We are told, with good reason, that the modern business needs to be ‘agile’ in order to survive and thrive in a fast-changing business environment. It represents a considerable challenge for leaders: How do you organize so that the business is flexible enough to take initiatives, innovate, grab opportunities and troubleshoot quickly, while at the same time making sure that people continue to act in accordance with your strategic intent?

Some people try and build agility by concentrating all the flexible thinking at the top. They are creative, but find themselves frustrated by a rigid organization which is unable to change fast enough to follow through.

Others flatten their organizations so much that it’s hard to tell who’s in control and even harder to follow any kind of clear strategy – resources get allocated in too diffuse a fashion to make a difference in any one area. The answer depends (of course!) but here’s one piece of the puzzle: you need to be able to safely delegate responsiblity for results, and not just prescribed tasks. You are only going to do that when you trust that people understand your values, and have the competence to figure out the best way to achieve the results without always passing things up the line. Conversely, your people have to trust you that they won’t get whacked for mistakes.

Here’s a model a lot of my clients like which helps leaders at all levels to build up the culture of two-way trust and competence required.

The framework looks at the range of leader behaviours in terms of a) how directing they are, and b) how much stimulation they provide to subordinates.

The four combinations create a path that takes the subordinate from being a complete novice to being someone to whom assignments can be safely delegated. For example:

Directing (High on directing, low on stimulation from the leader) A junior may be given straightforward instructions to follow on their own – researching, checking information, getting quotes from a range of suppliers, coordinating meetings etc.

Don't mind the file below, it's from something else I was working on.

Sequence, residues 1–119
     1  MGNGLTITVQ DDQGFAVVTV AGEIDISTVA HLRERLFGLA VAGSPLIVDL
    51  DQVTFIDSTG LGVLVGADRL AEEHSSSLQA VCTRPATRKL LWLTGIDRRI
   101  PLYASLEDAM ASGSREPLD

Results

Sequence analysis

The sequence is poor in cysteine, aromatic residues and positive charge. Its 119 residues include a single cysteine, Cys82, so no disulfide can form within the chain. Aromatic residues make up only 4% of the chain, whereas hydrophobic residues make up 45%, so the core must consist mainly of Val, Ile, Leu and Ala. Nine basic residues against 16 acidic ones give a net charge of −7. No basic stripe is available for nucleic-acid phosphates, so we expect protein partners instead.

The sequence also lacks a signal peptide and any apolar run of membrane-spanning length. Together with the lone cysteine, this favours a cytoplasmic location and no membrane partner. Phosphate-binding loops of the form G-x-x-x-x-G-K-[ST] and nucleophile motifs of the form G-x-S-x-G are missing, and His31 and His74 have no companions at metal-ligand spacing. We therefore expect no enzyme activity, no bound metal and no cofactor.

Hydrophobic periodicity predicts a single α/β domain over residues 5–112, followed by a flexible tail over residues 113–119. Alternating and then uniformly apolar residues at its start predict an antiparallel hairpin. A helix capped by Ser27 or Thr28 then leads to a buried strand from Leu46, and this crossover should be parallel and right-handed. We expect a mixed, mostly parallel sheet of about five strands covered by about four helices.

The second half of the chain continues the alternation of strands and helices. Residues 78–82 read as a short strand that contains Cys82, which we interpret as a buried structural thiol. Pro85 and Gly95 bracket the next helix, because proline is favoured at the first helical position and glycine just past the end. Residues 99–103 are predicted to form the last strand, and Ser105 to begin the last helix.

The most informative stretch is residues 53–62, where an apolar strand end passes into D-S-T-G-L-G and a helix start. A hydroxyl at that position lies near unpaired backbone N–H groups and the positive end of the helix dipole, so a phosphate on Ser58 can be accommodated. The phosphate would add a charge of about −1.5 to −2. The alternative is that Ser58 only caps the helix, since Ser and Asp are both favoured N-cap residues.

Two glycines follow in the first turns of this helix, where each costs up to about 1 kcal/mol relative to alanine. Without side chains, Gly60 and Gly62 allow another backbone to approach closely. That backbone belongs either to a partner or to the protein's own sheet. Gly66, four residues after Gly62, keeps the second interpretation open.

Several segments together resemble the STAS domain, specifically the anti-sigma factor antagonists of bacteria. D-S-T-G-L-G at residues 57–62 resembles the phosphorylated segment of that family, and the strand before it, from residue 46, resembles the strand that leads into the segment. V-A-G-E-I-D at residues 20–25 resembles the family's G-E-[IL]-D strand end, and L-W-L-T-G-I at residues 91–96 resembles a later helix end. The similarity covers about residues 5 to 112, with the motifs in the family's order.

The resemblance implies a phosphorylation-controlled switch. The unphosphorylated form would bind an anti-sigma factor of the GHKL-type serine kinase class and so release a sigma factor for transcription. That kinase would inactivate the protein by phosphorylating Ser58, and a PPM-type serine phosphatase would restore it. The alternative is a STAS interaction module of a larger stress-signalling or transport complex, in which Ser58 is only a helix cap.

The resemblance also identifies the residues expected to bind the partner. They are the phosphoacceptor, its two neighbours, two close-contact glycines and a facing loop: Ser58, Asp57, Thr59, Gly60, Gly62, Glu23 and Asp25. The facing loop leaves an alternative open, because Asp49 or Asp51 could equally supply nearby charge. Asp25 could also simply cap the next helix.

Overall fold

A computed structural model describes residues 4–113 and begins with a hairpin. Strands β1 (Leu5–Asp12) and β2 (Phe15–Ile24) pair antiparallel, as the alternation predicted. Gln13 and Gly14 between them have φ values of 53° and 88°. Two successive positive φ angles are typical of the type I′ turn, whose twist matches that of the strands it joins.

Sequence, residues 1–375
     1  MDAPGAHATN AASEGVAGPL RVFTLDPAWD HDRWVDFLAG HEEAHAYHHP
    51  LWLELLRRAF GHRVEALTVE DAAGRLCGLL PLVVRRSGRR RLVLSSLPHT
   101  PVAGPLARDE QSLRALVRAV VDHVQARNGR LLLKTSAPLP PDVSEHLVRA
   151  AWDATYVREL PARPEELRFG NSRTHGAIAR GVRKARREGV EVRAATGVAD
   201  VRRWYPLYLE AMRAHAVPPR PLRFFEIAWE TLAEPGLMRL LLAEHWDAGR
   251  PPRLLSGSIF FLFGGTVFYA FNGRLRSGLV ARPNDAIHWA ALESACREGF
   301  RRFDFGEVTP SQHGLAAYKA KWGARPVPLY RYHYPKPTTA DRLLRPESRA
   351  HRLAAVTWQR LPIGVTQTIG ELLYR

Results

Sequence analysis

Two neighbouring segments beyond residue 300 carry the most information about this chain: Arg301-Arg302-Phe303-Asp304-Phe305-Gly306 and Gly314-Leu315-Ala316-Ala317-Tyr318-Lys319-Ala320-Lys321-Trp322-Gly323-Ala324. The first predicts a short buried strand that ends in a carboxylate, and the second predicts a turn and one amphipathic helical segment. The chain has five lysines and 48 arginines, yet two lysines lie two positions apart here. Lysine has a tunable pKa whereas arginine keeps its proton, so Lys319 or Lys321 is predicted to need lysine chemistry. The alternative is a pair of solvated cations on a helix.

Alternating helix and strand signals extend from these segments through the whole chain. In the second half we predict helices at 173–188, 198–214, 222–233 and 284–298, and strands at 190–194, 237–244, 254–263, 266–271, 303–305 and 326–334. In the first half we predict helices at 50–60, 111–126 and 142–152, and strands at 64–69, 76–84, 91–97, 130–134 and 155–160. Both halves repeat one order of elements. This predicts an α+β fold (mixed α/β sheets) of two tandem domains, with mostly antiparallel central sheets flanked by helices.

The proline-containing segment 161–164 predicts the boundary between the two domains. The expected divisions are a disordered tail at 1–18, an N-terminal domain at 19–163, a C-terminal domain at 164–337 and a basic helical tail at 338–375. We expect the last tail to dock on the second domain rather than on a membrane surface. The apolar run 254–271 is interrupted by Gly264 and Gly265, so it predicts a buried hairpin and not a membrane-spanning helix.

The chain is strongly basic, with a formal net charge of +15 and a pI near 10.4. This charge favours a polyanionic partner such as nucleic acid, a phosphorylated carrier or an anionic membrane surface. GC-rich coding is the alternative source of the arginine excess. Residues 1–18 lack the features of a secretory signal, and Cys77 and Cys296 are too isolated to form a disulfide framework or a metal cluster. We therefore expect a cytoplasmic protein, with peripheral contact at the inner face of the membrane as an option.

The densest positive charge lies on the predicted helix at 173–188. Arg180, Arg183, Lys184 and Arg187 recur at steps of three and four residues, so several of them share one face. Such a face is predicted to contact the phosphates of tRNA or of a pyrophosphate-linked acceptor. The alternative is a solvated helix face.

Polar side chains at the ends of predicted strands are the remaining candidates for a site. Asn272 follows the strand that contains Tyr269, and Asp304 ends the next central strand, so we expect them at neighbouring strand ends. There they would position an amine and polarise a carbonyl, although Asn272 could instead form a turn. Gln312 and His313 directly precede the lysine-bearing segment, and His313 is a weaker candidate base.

Coaching (High stimulation) Perhaps the junior drafts a report or plan, and is then coached intensively by their supervisor on structure, style, logic etc.
Supporting (Low directing, high stimulation) At this point, an increasingly confident professional might be left to produce a pitch which will then receive approval, or fairly cursory corrective feedback. The supervisor may make themselves available for help if required, but doesn’t constantly monitor every detail of implementation.
Delegating (Low directing, low stimulation) The leader may delegate responsibility for landing a project, or managing a product line, an office or client relationship, thus freeing them to develop the business strategically.

You decide where you are in your relationship with the person, and then choose a directing, coaching, supporting or delegating style as appropriate. You also take steps to help them move to the next stage. Over time, you build a team of people who will be both ‘agile’ and aligned with your strategic direction.

Bottom Line

Being ‘agile’ depends on delegating responsibility for results to people who can be trusted to use their own initiative. This doesn’t come about in a vaccum – you have to create it. Here are some quick questions to start you thinking about how you are doing:

  • Look at the situational leadership chart. Where are your team distributed along the continuum? If everyone needs direction in everything, you have a problem.
  • What are you doing week by week, person by person, at all levels in the organization, to progress people along the path from direction to delegation?
  • Is everyone (above entry level) both delegating something downward and being coached to accept greater responsibility from above, as a matter of course?
  • Have you made it as easy as possible for people to delegate assignments by providing standardised, documented systems, training and tools?

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